September is National Recovery Month, a time to raise awareness about addiction and celebrate those who have overcome it. One of the ongoing debates about addiction is whether it is a disease or a choice. While some people believe that addiction is a personal failure, many experts agree that addiction is a chronic and progressive brain disease.
What is Addiction?
Addiction is a complex condition that affects the brain, behavior, and body. It is characterized by compulsive drug use despite harmful consequences. Addiction changes the brain’s reward system, making it more difficult for individuals to quit using drugs or alcohol. This can lead to physical and psychological dependence, making it challenging to overcome addiction without professional help.
Is Addiction a Disease?
Yes, addiction is widely recognized as a disease by medical professionals and organizations such as the American Medical Association and the World Health Organization. Addiction is a chronic and progressive brain disease that affects the brain’s reward system and leads to compulsive drug use despite harmful consequences.
Addiction changes the brain’s structure and function, making it more challenging for individuals to quit using drugs or alcohol without professional help. While addiction can start with a choice to use drugs or alcohol, continued use can lead to physical and psychological dependence, making it a disease that requires medical intervention to overcome.
Is Addiction Officially a Disease?
Yes, addiction is officially recognized as a disease by several medical organizations, including the American Medical Association (AMA) and the World Health Organization (WHO). The AMA has classified addiction as a disease since 1956, and the WHO added “addictive disorders” to their International Classification of Diseases (ICD) in 1967.
In 2011, the American Society of Addiction Medicine (ASAM) released a new definition of addiction, stating that it is a “primary, chronic disease of brain reward, motivation, memory, and related circuitry.” This definition highlights the complex nature of addiction and the need for medical intervention to treat it effectively. Overall, the consensus among medical professionals is that addiction is a disease that requires specialized treatment and ongoing support.
How Does Addiction Change the Brain?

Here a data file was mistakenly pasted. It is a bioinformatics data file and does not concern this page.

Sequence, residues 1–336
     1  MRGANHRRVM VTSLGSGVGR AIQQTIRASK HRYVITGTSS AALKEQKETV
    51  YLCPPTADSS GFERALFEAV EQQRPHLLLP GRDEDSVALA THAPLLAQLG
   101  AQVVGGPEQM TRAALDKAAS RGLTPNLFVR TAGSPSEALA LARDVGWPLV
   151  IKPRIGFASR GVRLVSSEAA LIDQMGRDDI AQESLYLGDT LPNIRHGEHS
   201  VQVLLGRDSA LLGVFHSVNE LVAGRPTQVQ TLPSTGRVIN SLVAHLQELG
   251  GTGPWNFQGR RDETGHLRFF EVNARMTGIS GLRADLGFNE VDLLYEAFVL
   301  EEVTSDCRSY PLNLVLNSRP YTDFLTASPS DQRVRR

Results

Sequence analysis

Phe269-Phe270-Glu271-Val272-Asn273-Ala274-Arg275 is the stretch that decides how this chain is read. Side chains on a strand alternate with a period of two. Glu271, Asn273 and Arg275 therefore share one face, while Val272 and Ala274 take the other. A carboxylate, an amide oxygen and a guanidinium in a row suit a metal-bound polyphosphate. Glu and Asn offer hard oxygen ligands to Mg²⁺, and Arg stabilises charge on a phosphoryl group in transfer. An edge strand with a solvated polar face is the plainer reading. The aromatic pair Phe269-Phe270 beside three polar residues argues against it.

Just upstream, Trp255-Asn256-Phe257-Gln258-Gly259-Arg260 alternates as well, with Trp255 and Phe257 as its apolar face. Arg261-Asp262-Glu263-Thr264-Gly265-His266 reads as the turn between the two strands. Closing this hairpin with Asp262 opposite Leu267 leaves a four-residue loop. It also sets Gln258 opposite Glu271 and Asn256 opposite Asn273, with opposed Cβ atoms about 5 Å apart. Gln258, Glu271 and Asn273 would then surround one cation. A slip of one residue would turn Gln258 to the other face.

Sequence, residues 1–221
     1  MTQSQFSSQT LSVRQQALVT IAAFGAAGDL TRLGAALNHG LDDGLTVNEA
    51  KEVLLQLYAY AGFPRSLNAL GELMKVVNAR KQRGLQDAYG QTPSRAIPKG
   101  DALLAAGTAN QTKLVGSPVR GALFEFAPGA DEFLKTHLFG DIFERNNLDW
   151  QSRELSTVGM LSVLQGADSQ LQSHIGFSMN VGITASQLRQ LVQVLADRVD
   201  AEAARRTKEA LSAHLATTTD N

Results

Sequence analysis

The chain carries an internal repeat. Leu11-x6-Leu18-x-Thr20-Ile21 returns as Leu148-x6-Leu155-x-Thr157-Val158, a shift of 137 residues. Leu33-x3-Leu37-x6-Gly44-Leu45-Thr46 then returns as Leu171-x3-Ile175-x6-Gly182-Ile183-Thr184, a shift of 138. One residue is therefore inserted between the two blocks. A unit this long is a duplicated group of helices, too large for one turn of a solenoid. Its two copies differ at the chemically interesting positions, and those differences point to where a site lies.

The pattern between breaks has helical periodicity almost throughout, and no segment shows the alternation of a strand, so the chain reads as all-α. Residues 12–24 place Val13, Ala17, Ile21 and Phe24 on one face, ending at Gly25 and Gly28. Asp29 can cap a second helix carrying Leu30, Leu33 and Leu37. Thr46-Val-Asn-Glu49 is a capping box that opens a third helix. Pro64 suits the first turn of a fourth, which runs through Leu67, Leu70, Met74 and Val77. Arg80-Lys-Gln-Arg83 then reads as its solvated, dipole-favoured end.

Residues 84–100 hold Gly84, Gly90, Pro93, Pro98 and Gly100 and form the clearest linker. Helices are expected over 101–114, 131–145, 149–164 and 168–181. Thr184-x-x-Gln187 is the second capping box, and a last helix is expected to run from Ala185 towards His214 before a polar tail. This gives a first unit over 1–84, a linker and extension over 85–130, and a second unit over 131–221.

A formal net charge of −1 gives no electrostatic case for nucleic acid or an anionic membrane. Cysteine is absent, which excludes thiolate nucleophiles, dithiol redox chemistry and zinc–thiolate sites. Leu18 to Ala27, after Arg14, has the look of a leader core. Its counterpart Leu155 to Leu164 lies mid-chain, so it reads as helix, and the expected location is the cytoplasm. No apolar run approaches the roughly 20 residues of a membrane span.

Addiction changes the brain in several ways, including:
- Altering the brain’s reward system: Drugs and alcohol hijack the brain’s reward system, releasing dopamine, a neurotransmitter that creates a pleasurable sensation. Over time, the brain’s reward system becomes less responsive to natural rewards like food or social interaction and more responsive to drugs and alcohol.
- Changing the brain’s structure: Addiction can change the structure of the brain, specifically the prefrontal cortex, which is responsible for decision-making, impulse control, and judgment. This can make it difficult for individuals to resist drug or alcohol cravings and make rational decisions.
- Affecting neurotransmitters: Addiction can affect other neurotransmitters besides dopamine, such as serotonin and norepinephrine. This can lead to mood disorders like depression and anxiety, which can further fuel addiction.
- Creating tolerance and dependence: Over time, the brain can become tolerant to drugs and alcohol, requiring higher doses to achieve the same effects. Continued use can also lead to physical and psychological dependence, making quitting challenging without professional help.
These changes in the brain can make it difficult for individuals to quit using drugs or alcohol, even if they want to. Professional treatment and therapy can help individuals overcome addiction and rewire their brains to respond to natural rewards once again.
Treatment for Addiction
There are several treatment options available for addiction, including:
This is typically the first step in addiction treatment and involves safely managing withdrawal symptoms as the body clears itself of drugs or alcohol.
2. Inpatient or Residential Treatment
This type of treatment involves living at a treatment facility and receiving around-the-clock care and support from medical professionals.
3. Outpatient Treatment
This type of treatment allows individuals to live at home while receiving regular therapy and medical support.
4. Behavioral Therapy
This type of therapy focuses on changing behavior and helping individuals develop coping mechanisms to manage triggers and cravings.
5. Medication-Assisted Treatment (MAT)
This type of treatment involves using medication to help reduce drug or alcohol cravings and withdrawal symptoms.
6. Support Groups
Addiction Therapy in Wilkes-Barre, PA
The best treatment option will depend on the individual’s needs and addiction severity. Working with a medical professional to determine the most effective treatment plan for long-term recovery is essential. In Wilkes-Barre, addiction therapy services provided by Dr. John G. Kuna and Associates can also be an effective part of an addiction treatment plan. Therapy can help individuals address underlying emotional and psychological issues related to addiction and develop coping strategies for lasting recovery.
In conclusion, addiction is a disease that requires professional help to overcome. Therapy is essential to addiction treatment and can help individuals achieve lasting recovery. If you or someone you know is struggling with addiction in Wilkes-Barre, consider contacting Dr. John G. Kuna and Associates for therapy services. Let’s continue to raise awareness about addiction and celebrate those who have overcome it during National Recovery Month.